Tolterodine is an antimuscarinic (anticholinergic) agent. It works by blocking a chemical that causes contractions of the bladder.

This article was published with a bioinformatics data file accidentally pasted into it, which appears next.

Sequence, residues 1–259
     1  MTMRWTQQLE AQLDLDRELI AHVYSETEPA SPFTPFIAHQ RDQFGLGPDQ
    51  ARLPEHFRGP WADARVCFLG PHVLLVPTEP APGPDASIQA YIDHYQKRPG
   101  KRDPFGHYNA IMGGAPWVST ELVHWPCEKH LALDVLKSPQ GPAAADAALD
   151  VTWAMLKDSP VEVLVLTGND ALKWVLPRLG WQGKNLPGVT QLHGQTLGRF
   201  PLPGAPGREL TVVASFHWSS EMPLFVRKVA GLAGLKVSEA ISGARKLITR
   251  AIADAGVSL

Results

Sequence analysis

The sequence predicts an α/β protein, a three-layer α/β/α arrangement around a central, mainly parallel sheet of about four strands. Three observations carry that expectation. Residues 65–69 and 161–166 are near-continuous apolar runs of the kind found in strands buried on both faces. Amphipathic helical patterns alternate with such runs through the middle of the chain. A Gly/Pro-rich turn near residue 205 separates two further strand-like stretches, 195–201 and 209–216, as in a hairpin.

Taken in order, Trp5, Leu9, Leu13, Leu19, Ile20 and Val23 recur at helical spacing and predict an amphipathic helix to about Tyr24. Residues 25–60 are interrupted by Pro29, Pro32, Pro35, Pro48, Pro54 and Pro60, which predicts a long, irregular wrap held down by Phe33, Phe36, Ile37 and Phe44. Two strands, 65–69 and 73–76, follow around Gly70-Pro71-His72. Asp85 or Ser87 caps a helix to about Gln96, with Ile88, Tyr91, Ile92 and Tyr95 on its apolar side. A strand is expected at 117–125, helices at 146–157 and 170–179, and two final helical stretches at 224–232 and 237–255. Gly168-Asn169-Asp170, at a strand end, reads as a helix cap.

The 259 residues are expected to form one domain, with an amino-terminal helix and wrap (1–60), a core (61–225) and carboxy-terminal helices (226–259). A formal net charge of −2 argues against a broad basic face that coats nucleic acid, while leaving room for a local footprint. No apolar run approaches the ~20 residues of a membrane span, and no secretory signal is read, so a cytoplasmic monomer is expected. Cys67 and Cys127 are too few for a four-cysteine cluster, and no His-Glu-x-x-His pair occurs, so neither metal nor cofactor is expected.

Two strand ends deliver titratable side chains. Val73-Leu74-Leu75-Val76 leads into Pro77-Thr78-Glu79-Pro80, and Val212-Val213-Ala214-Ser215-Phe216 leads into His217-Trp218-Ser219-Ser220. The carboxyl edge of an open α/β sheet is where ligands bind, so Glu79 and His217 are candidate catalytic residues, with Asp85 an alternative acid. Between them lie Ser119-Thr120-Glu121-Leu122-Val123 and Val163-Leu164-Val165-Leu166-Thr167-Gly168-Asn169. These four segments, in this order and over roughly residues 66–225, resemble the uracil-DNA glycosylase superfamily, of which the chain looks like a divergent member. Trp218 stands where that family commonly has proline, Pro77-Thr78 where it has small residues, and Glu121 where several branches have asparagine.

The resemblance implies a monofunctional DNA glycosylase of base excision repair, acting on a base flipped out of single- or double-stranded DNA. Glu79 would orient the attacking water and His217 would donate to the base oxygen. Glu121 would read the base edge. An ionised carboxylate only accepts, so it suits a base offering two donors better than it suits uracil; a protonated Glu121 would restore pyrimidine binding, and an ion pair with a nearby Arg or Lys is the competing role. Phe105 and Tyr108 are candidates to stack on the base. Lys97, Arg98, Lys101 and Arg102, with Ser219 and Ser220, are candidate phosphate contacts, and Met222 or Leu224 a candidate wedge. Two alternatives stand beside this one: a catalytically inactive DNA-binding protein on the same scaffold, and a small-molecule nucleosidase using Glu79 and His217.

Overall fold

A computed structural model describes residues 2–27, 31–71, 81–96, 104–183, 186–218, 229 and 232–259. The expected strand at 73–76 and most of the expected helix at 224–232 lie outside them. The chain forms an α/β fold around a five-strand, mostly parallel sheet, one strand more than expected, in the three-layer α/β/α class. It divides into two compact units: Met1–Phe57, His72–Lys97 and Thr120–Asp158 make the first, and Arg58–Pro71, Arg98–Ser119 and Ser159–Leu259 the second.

Tolterodine is a competitive muscarinic receptor antagonist. Both urinary bladder contraction and salivation are mediated via cholinergic muscarinic receptors. After oral administration, tolterodine is metabolized in the liver, resulting in the formation of the 5-hydroxymethyl derivative, a major pharmacologically active metabolite. The 5-hydroxymethyl metabolite, which exhibits an antimuscarinic activity similar to that of tolterodine, contributes significantly to the therapeutic effect. Both tolterodine and the 5-hydroxymethyl metabolite exhibit a high specificity for muscarinic receptors, since both show negligible activity or affinity for other neurotransmitter receptors and other potential cellular targets, such as calcium channels. Tolterodine has a pronounced effect on bladder function. The main effects of tolterodine are an increase in residual urine, reflecting an incomplete emptying of the bladder, and a decrease in detrusor pressure, consistent with an antimuscarinic action on the lower urinary tract.